The contribution of economic geography to GDP per capita
Alain de Serres () and
Margit Molnar ()
OECD Journal: Economic Studies, 2008, vol. 2008, issue 1, 1-37
This article examines how much of the dispersion in economic performance across OECD countries can be accounted for by the proximity to areas of dense economic activity. To do so, various indicators of distance to markets and transportation costs are added as determinants in an augmented Solow model, which serves as a benchmark. Measures of distance to markets are found to have a statistically significant effect on GDP per capita. And the estimated economic impact is far from negligible. The reduced access to markets relative to the OECD average could contribute negatively to GDP per capita by as much as 11% in Australia and New Zealand. Conversely, a favourable impact of around 6-7% of GDP is found in the case of two centrally-located countries: Belgium and the Netherlands. The paper provides also some tentative evidence that spending on R&D and human capital might have a stronger effect on GDP per capita in countries with a higher degree of urban concentration.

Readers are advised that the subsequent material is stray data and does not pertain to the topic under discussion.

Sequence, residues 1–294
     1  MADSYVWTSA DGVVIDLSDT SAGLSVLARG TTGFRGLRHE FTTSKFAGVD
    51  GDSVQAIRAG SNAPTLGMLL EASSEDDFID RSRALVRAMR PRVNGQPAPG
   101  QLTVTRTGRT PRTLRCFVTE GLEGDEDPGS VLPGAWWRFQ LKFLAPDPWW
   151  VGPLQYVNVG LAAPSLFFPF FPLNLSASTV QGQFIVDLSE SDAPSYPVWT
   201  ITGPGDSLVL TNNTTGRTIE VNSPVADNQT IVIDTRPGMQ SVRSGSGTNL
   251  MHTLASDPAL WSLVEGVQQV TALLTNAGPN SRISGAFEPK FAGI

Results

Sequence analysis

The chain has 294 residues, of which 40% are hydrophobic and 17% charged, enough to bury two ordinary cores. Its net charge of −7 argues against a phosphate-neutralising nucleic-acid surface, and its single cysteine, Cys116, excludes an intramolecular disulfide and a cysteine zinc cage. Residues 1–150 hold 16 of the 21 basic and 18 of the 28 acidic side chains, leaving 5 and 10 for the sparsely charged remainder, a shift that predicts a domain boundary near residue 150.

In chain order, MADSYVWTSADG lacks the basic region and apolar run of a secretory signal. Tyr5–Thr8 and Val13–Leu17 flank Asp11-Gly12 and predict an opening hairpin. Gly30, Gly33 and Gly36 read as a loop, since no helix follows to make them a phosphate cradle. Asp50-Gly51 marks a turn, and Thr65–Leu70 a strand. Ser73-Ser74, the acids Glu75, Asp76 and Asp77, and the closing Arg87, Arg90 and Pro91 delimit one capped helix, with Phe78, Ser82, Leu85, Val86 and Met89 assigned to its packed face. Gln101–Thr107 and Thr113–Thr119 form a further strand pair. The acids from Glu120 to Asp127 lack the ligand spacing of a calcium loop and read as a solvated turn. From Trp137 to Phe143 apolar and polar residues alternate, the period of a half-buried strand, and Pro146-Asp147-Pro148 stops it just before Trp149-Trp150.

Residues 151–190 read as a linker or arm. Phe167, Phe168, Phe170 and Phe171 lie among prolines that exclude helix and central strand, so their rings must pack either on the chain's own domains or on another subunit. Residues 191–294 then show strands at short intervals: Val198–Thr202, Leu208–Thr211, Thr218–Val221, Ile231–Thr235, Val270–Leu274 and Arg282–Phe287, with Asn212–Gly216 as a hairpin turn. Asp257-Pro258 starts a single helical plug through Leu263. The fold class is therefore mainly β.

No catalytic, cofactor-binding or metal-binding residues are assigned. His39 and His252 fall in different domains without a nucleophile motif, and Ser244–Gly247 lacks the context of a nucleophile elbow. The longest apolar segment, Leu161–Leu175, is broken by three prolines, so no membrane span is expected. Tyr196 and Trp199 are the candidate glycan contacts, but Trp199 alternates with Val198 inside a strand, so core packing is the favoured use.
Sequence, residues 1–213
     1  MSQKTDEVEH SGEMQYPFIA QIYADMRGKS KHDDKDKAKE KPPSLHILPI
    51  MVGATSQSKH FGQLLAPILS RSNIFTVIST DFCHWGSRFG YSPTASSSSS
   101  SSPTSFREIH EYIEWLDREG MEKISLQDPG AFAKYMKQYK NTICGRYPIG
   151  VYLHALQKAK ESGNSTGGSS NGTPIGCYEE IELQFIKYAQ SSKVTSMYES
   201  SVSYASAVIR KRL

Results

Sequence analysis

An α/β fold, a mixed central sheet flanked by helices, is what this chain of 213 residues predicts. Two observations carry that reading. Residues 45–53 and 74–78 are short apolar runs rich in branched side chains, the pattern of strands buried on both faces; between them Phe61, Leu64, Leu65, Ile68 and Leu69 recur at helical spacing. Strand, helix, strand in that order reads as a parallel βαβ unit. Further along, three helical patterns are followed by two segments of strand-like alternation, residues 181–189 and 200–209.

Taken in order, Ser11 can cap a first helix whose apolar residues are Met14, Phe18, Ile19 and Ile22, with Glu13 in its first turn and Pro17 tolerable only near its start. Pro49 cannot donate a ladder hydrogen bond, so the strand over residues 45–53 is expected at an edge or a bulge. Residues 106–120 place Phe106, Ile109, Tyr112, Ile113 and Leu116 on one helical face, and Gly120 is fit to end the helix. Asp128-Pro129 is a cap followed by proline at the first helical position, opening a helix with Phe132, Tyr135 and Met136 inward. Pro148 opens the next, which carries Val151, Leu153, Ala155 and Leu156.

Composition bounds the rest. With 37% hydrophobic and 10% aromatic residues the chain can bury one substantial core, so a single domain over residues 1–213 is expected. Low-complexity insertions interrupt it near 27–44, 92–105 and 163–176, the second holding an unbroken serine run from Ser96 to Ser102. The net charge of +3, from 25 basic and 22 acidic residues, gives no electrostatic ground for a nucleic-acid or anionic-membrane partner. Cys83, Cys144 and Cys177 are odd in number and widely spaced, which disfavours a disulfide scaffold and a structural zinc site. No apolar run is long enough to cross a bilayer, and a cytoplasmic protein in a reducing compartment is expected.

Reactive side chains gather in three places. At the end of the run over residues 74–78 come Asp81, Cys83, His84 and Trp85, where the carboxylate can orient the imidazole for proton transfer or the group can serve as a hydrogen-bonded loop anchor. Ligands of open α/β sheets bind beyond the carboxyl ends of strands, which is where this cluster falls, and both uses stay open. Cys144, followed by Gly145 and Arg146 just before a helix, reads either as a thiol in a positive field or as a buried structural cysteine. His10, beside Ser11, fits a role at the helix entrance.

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Working Paper: The Contribution of Economic Geography to GDP Per Capita (2008)
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Persistent link: https://EconPapers.repec.org/RePEc:oec:ecokac:5kz9l4rz66ls
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